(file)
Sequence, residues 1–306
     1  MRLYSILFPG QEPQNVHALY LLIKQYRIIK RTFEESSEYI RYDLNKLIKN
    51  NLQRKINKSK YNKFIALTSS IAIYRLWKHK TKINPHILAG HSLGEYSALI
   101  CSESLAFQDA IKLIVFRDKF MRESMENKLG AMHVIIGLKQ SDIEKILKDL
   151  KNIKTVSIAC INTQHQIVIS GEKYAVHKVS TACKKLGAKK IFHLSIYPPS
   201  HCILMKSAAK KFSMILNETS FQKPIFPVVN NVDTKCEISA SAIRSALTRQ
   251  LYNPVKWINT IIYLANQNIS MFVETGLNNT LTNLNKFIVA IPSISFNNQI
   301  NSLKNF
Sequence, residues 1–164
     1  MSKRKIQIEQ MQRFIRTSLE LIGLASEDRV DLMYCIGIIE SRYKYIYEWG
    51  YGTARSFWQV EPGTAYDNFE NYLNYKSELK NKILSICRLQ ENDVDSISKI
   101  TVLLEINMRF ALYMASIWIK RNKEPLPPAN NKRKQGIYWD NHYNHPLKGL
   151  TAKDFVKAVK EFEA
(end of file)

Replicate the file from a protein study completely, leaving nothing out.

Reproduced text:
Sequence, residues 1–306
     1  MRLYSILFPG QEPQNVHALY LLIKQYRIIK RTFEESSEYI RYDLNKLIKN
    51  NLQRKINKSK YNKFIALTSS IAIYRLWKHK TKINPHILAG HSLGEYSALI
   101  CSESLAFQDA IKLIVFRDKF MRESMENKLG AMHVIIGLKQ SDIEKILKDL
   151  KNIKTVSIAC INTQHQIVIS GEKYAVHKVS TACKKLGAKK IFHLSIYPPS
   201  HCILMKSAAK KFSMILNETS FQKPIFPVVN NVDTKCEISA SAIRSALTRQ
   251  LYNPVKWINT IIYLANQNIS MFVETGLNNT LTNLNKFIVA IPSISFNNQI
   301  NSLKNF
Sequence, residues 1–164
     1  MSKRKIQIEQ MQRFIRTSLE LIGLASEDRV DLMYCIGIIE SRYKYIYEWG
    51  YGTARSFWQV EPGTAYDNFE NYLNYKSELK NKILSICRLQ ENDVDSISKI
   101  TVLLEINMRF ALYMASIWIK RNKEPLPPAN NKRKQGIYWD NHYNHPLKGL
   151  TAKDFVKAVK EFEA